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Head and Tail

Head and Tail is a pastime well known among the lowest and most vulgar classes of the community, and to whom it is now confined; formerly, however, it held a higher rank and was introduced at Court. Edward II. was partial to this and other frivolous diversions, and spent much of his time in the pursuit of them. In one of his wardrobe 'rolls,' or accounts, we find the following entries --Item, paid to Henry, the king's barber, for money which he lent to the king to play at Cross and Pile, five shillings. Item, paid to Pires Bernard, usher of the king's chamber, money which he lent the king, and which he lost at Cross and Pile; to Monsieur Robert Wartewille, eight- pence.

A half-penny is now generally used in playing this game; but any other coin with a head impressed will answer the purpose. One person tosses the half-penny up and the other cries at pleasure HEAD or TAIL, and loses according to the result.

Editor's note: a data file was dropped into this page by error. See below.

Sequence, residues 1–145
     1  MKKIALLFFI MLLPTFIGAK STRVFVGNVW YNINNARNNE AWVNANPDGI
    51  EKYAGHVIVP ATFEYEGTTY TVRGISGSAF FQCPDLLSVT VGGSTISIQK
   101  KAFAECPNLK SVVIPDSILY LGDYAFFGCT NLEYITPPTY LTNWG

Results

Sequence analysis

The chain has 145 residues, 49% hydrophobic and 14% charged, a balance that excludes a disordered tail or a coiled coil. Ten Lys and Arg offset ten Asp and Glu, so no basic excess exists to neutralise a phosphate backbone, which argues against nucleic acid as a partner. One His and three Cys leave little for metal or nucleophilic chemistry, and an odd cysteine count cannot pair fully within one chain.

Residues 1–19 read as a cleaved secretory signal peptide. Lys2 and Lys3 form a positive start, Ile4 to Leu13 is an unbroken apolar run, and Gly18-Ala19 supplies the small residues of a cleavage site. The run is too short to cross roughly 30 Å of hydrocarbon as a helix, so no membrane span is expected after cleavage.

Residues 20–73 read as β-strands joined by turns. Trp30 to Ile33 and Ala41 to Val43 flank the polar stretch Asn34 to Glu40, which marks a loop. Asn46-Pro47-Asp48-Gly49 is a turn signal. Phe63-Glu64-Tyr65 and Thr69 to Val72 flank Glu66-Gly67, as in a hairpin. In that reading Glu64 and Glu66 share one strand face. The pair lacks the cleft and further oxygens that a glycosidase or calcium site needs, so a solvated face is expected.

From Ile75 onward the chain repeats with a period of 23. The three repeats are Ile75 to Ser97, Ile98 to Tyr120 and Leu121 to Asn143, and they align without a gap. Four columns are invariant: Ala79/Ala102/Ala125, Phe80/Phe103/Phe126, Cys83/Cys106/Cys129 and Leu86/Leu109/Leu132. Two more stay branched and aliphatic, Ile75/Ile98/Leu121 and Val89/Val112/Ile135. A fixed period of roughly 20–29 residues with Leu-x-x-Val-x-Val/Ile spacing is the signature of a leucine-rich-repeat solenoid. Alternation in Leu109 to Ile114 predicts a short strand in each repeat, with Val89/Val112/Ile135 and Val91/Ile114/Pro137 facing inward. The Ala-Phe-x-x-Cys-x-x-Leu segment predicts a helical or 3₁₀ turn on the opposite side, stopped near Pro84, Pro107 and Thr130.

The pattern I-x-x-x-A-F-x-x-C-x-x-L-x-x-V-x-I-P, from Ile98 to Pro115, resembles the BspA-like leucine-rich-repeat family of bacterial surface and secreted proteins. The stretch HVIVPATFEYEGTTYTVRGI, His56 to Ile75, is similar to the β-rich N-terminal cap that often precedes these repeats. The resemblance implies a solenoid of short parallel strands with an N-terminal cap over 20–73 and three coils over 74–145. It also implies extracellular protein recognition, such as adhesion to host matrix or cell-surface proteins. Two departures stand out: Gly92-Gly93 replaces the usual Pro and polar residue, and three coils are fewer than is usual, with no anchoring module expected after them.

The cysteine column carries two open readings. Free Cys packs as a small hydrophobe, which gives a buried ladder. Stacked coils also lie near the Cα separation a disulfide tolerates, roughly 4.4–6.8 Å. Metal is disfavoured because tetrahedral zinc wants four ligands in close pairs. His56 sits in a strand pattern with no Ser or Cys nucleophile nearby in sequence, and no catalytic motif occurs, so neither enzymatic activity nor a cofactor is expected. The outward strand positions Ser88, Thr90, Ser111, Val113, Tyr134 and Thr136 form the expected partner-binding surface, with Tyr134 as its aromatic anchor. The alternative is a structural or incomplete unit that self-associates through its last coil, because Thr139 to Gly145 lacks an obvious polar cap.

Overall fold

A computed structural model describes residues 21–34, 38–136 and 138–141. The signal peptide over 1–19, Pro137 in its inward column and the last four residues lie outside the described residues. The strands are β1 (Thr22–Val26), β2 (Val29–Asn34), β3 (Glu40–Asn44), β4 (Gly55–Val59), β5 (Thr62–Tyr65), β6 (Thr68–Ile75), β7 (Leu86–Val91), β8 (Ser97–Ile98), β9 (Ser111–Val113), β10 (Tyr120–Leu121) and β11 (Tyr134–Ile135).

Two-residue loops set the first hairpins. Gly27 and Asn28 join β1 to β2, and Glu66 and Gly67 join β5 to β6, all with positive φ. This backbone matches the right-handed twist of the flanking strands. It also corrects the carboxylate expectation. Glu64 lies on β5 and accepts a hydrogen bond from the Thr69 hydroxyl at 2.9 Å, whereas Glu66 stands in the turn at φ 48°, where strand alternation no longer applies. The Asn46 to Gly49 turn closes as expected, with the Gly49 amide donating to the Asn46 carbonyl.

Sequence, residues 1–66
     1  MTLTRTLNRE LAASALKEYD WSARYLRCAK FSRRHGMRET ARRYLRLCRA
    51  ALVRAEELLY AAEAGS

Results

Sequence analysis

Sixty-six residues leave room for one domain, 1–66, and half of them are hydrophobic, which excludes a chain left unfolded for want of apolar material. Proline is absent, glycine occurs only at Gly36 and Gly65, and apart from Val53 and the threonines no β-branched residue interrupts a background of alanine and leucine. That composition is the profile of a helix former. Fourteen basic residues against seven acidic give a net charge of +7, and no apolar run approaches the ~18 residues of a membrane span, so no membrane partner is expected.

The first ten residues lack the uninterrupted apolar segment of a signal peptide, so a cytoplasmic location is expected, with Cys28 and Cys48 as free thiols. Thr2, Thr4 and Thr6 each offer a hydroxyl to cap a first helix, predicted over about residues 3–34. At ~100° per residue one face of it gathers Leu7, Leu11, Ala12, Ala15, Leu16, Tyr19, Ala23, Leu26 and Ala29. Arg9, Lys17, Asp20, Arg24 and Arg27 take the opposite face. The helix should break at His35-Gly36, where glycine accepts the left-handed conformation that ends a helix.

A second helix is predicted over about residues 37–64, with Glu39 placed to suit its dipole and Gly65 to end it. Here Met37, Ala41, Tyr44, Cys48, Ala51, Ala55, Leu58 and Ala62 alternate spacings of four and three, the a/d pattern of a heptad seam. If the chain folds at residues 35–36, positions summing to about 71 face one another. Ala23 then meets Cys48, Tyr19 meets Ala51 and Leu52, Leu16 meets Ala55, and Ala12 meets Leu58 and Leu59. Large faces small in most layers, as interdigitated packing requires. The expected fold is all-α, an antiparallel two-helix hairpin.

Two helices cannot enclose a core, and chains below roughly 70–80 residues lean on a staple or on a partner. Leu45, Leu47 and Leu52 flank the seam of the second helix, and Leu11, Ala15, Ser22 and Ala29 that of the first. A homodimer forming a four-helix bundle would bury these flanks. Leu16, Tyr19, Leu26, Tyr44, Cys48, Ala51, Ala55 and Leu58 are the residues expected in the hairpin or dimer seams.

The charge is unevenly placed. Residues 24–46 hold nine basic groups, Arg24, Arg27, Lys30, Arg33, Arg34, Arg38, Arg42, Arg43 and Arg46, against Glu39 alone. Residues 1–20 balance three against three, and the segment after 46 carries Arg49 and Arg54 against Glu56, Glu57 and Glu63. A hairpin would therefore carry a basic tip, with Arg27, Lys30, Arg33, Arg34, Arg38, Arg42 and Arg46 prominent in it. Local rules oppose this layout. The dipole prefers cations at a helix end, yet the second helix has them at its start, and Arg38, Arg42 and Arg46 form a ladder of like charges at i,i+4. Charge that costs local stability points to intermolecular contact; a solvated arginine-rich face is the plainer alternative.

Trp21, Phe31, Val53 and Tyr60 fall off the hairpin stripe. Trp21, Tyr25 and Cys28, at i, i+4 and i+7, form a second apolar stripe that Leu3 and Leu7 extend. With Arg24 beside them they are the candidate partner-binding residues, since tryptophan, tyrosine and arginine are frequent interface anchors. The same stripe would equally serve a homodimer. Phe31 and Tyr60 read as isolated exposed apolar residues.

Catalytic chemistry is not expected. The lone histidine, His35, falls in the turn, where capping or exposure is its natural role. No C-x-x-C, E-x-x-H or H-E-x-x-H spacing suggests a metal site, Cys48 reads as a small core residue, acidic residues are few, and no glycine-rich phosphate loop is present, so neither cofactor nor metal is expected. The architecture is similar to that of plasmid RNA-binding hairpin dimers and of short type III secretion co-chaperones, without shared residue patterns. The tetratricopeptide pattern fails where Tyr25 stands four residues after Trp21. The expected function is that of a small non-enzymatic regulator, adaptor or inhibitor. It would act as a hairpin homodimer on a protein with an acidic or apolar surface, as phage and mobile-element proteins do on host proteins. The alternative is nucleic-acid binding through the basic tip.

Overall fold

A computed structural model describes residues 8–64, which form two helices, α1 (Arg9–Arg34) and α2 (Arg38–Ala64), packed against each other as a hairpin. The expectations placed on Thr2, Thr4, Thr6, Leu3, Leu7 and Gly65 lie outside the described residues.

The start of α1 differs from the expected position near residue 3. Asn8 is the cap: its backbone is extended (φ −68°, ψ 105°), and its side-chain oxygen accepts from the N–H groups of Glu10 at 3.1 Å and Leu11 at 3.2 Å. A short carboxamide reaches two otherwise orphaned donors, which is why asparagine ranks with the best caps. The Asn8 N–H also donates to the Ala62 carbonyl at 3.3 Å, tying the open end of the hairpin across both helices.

Cross and Pile is evidently derived from the Greek pastime called Ostra Kinda, played by the boys of ancient Greece. Having procured a shell, they smeared it over with pitch on one side and left the other side white. A boy tossed up this shell, and his antagonist called white or black [In the Greek, nux kai hmera, that is, 'night and day'] as he thought proper, and his success was determined by the white or black part of the shell being uppermost.

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